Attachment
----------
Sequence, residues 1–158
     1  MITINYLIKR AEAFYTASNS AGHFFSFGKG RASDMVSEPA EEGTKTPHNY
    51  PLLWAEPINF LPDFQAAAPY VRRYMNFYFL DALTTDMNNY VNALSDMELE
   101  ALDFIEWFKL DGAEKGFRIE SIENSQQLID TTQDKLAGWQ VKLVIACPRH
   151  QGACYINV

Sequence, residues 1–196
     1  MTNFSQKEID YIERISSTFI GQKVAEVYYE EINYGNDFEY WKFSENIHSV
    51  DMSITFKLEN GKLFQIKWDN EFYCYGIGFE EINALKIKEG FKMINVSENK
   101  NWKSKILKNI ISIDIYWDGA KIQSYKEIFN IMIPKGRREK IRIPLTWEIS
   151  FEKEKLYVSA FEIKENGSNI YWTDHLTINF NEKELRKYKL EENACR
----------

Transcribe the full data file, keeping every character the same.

Sequence, residues 1–158
     1  MITINYLIKR AEAFYTASNS AGHFFSFGKG RASDMVSEPA EEGTKTPHNY
    51  PLLWAEPINF LPDFQAAAPY VRRYMNFYFL DALTTDMNNY VNALSDMELE
   101  ALDFIEWFKL DGAEKGFRIE SIENSQQLID TTQDKLAGWQ VKLVIACPRH
   151  QGACYINV

Sequence, residues 1–196
     1  MTNFSQKEID YIERISSTFI GQKVAEVYYE EINYGNDFEY WKFSENIHSV
    51  DMSITFKLEN GKLFQIKWDN EFYCYGIGFE EINALKIKEG FKMINVSENK
   101  NWKSKILKNI ISIDIYWDGA KIQSYKEIFN IMIPKGRREK IRIPLTWEIS
   151  FEKEKLYVSA FEIKENGSNI YWTDHLTINF NEKELRKYKL EENACR